New Delhi, Oct 30 (IANS) When Bhrigu Chadha finished writing his dark psychological tale of a metalhead, he knew the creative liberties he took won't fit in the editorial expanse of any publishing house. So instead of running around with his unconventional, unconvincing manuscript, the guitarist decided to be his own publisher.
That's self-publishing for you. Where there's no editor censoring your thoughts, almost no rejections of manuscripts, you retain the translation rights, control the price of the book, number of copies, the cover and everything else that lies in between.
But all this comes at a price -- the price of printing the book.
A popular concept in the US, self-publishing industry in India is on a rapid rise thanks to the collective dreams of Chadha and Co., who want their work published at any cost.
The model works on the premise that there's no publisher. There are firms like Cinnamon Teal, Pothi.com and Power Publishers which, unlike regular printing presses, can print you as few copies as you want, starting with one.
They scrutinise your manuscripts, screen out those bordering on pornography or the ones utterly indecipherable, offer you editorial and design services and print as many copies as you want. You pay for everything, they charge a nominal fee.
Bangalore-based Chadha, who took four years to write his first book, says he wanted to do something 'different, intellectual, with my own signature on it. I've been hugely inspired by Christopher Nolan, his unconventional storytelling in 'Inception'.
'There are three voices in my book. A dead musician, his wife and the author. The narration keeps shifting between them,' Chadha, a marketing executive-cum-musician, told IANS.
Afraid that a publishing house would want him to tweak the storyline to adhere to the unspoken publishing protocol and in the process render it commercial, he shelled out some Rs.25,000 to get his book ready and another Rs.18,000 for printing 100 copies.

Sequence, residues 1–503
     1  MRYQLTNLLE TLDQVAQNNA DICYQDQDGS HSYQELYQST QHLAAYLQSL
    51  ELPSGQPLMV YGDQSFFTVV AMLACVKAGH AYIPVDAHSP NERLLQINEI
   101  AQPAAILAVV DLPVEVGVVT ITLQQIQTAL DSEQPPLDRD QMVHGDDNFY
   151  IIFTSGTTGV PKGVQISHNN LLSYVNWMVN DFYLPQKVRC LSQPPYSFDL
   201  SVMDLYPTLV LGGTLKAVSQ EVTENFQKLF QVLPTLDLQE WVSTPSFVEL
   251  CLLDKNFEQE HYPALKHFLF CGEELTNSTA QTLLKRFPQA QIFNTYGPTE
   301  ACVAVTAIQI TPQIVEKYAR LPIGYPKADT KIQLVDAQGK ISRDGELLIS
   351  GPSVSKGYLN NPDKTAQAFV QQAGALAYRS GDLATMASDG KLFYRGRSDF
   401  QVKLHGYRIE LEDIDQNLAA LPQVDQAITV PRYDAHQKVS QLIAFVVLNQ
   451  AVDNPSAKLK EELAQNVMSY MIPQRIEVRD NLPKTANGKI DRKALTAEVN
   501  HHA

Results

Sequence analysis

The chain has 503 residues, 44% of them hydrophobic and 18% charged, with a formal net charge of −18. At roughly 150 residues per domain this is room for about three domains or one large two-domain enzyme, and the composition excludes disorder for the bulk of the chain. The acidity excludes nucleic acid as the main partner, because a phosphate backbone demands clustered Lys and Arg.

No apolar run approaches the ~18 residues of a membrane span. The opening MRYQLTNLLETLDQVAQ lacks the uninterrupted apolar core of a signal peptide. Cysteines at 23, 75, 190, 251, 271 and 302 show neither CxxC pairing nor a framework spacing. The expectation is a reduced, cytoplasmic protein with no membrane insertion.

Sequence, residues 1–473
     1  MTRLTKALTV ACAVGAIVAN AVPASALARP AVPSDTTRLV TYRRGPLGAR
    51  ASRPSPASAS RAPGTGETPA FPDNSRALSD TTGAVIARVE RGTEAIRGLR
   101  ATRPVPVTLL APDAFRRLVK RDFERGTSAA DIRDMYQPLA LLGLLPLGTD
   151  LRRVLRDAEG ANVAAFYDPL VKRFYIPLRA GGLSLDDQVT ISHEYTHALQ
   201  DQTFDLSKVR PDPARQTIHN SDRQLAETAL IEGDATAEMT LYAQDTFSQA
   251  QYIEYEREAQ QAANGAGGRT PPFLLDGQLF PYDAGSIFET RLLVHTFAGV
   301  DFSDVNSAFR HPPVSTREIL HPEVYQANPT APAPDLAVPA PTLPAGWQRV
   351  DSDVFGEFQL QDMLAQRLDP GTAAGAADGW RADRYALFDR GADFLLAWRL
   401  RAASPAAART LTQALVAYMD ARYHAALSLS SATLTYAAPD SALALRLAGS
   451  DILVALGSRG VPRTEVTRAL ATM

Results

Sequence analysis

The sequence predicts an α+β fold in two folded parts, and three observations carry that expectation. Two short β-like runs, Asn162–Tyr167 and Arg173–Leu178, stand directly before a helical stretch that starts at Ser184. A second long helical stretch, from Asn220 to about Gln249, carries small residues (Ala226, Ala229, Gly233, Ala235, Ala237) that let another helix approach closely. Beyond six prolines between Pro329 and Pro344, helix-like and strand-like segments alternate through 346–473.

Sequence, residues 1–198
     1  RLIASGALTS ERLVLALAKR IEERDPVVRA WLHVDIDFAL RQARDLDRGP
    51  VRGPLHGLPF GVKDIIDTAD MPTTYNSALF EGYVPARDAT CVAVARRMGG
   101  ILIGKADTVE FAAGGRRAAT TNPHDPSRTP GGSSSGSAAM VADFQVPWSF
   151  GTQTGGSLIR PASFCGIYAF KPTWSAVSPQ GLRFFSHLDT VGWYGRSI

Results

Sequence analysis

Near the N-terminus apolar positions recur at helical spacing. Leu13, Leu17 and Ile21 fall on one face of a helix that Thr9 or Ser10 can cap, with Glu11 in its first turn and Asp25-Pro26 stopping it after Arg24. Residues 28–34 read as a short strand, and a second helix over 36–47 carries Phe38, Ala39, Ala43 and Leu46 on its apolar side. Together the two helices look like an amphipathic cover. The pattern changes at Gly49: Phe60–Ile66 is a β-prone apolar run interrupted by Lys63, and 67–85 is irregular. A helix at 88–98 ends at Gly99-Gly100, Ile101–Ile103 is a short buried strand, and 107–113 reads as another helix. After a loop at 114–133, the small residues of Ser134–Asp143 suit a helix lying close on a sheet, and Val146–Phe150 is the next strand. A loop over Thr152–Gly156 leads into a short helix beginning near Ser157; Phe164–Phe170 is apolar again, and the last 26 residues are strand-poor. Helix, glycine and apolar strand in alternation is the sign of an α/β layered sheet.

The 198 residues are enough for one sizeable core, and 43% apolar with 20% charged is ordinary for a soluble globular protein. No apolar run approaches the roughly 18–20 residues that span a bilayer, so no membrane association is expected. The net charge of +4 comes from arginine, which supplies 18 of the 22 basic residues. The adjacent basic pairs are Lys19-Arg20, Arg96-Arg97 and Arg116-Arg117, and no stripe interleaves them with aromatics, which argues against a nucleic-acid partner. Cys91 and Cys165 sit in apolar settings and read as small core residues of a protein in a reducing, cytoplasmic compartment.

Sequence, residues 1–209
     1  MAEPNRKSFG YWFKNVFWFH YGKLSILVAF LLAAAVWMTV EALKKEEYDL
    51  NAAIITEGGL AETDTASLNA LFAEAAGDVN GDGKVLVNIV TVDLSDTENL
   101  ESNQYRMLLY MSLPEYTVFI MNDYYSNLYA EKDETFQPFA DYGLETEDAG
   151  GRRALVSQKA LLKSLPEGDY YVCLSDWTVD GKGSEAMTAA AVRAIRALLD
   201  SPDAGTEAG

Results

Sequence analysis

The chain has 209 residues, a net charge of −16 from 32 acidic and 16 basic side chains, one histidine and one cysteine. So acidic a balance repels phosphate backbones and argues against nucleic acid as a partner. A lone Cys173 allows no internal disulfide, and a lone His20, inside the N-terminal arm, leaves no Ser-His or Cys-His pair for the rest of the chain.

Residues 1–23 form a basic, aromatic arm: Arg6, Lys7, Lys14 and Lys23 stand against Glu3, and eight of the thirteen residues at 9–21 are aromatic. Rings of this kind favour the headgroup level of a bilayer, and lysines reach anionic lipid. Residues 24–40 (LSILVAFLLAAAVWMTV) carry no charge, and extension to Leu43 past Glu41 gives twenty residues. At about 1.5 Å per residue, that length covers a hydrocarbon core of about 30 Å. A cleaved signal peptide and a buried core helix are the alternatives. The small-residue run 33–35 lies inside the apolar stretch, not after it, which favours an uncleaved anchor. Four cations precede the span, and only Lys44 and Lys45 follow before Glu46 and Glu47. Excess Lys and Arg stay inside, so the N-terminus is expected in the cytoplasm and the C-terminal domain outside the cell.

However, it can cost you much less as well. For instance at Power Publishers, you can get 40 copies of your book in just Rs.12,000.
While Chadha went for self-publishing so as not to compromise on his creative freedom, Sayantan Gupta, a doctor, got his poem collection published from Power Publishers for altogether different reasons.
'I'm already working on a novel which I want a reputed publisher to back. So to show some printed material to the publishers, I got 'Where the Rainbow Ends' self-published,' said Gupta, 66.
Then there's Gurgaon-based Sitaram who knocked at almost every publisher's door for his study of the real estate industry, 'The Whistleblower'.
'They rejected it for one reason or another. Some said it doesn't fit in their profile, some said they are too burdened. Then I approached Cinnamon Teal and got a book in my hand in six months flat,' Sitaram said.
The author himself edited the book some 40 times before opting for Cinnamon's editing service.
'Big names don't guarantee success; content does. No one knows what will click with the readers,' he adds.
According to Pinaki Ghosh, CEO of Kolkata-based Power Publishers, 60 percent of his clients are below 25.
'Then there are corporate hot-shots secretly nursing a dream of writing a book. They are very dignified and have lots of money and don't like it when their manuscripts are rejected,' said Pinaki.
There is also a category of authors whose works have a very narrow market. 'These books are usually education-related or something technical,' Pinaki told IANS on phone from Kolkata.
The three-year-old company has done 70 titles till date while Goa-based Cinnamon Teal has done 160 in its four years of existence.
But, according to Cinnamon's Leonard Fernandes, the self-publishing industry's size is very small in India.
'Abroad, they do 1,000 titles per week. Here, we do just one every day though the industry is growing at the rate of 100 percent every year,' Fernandes, who runs the company with his wife, told IANS.
According to him, the biggest challenge of self-publishing is marketing and distribution, a view seconded by Anuj Bahri of Bahrisons bookstore in Delhi.
'We don't stock these books because we can't deal with individual authors. It becomes hugely difficult to manage the accounts that way,' he said.
Due to this very reason, self-published books seldom reach bookstores. But they do make it to online stores like uread.com and Flipcart.
As for marketing, the onus lies with the author as to how much time and money he's willing to spend.
Like Chadha, who has been advertising through Facebook. 'I've also tied up with a few distributors to sell my book at concerts and shows,' he says.
(Mohita Nagpal can be contacted at firstname.lastname@example.org)